Writer Harry Croxford / Photographer Erin Connolly
Performing at Hare and Hounds and supported by fellow Aussies, Greatest Hits, Donny Benét’s return to the UK is a triumphant expression of a libidinal, schmoozy, extravagance that has come to define his act, and which has cemented a loyal fanbase since his early days performing with Jack Ladder and The Dreamlanders.
Although sporting a name not particularly accommodating to Google’s search algorithm, Greatest Hits’ support is joyous, danceable, and tightly choreographed. Tracks like ‘Swimming’ shimmer through the funk-driven basslines and percussion, and this sunshine psych-pop sets the scene.
Next, the chants. The repeating chorus of “Donny, Donny, Donny” surges up and out as the man himself – bass in tow – crosses through the crowd and onto the stage.
Then, the outstanding single ‘Working Out’, recognisable to most people familiar with his music. With a bass-tone that sounds almost liquid, Benét is smooth and commanding as he croons:
“Hitting the showers, it’s not my scene / Cos there’s too much meat beneath the steam.”
Benét’s lyrics hit in their absurd sensuality and hilarity, a trait that seems to run like geological mineral veins through much of the recent wave of acts from Australia, with Benét joined varyingly by the likes of Alex Cameron, Kirin J Callinan, and Amyl and the Sniffers.
His schmoozer persona, whiskered and balding, pairs perfectly with his risqué lyrics and eighties aesthetic.
Self-aware of the crudity and sleaze of his song-writing, Benét leans into – or bloody well canoodles – the image he has cultivated over the years. This whiskered, balding, schmoozing, cruising, motel-bar crooner, with enough horny energy to power a Boeing 747, moves effortlessly between tracks.
His image is inseparable from his overall sound. From slap-bass and saxophone to ice-cool keys, tracks like ‘Girl of My Dreams’ have the smooth delightfulness of a Haruomi Hosono pop track.
Meanwhile, the only track from Benét’s recent instrumental EP Le Piano to make the set attests to a musical brilliance. One that recalls much of the contemporary retro wave disco-electronic acts, like Payfone or Makeup and Vanity Set.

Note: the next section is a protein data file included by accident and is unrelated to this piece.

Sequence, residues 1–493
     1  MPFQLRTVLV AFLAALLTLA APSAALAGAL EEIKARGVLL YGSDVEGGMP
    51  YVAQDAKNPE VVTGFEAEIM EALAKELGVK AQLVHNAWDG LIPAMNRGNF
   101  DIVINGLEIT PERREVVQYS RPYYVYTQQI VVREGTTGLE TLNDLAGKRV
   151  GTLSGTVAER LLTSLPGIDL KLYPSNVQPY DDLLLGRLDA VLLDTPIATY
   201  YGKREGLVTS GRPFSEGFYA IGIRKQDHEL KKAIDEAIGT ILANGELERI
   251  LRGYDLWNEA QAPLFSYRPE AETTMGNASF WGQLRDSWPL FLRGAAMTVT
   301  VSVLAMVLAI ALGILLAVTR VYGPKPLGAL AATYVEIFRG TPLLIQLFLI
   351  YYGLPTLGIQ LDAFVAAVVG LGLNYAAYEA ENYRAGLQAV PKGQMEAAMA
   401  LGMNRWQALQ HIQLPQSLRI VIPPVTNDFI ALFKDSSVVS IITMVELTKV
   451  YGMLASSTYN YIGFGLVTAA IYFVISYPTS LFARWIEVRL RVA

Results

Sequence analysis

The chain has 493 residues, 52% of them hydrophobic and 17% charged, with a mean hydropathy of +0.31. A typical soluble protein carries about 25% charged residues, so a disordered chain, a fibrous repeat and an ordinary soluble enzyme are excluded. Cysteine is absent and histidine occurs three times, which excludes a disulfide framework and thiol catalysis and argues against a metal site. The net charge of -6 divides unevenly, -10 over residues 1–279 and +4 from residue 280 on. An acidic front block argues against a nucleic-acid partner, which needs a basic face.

It would be great to see more of Benét’s instrumental-electronica on stage.
Despite a general veneer of eighties pastiche, there is a sincerity to Benét’s music: his comedic intermissions – playing off the cologne-soaked schmoozer-type that he has so lovingly crafted – contextualises and sets up each track.
From cheeky and relatable anecdotes about sneaking downstairs for a twilight snack in ‘Second Dinner’, to his looks overtaking his once-youthful once-beautiful friends in ‘Moving Up’, I would have happily paid solely for the man’s chat: a night with Benét perhaps?
I would be doing my hometown a disservice if I were to forgo Benét’s musings on his heritage. Part-Italian, part-English, those few among us in the audience who – let alone merely being aware of Northampton’s geographic location – felt the warm, budding, hand of recognition as Benét tracks down where his carceral forebears hailed from:
“North..hampshire?…Northampton…anyone from Northampton here tonight? Is it a good place to live?”
To which the few Northamptonians responded resoundingly: “NO”’.
A peripheral moment among many in which Benét interacted, responded, and connected to his audience.
From anecdote to crowd interaction, Benét never misses a beat. If this show is anything to go by, up until the very last track of the very last tour date, he’ll still be as rip-roaringly hilarious and marvellous.
You can check out more of Donny Benét’s tunes, and his most recent EP Le Piano here: www.donnybenet.com
For more from the Hare and Hounds go to: www.hareandhoundskingsheath.co.uk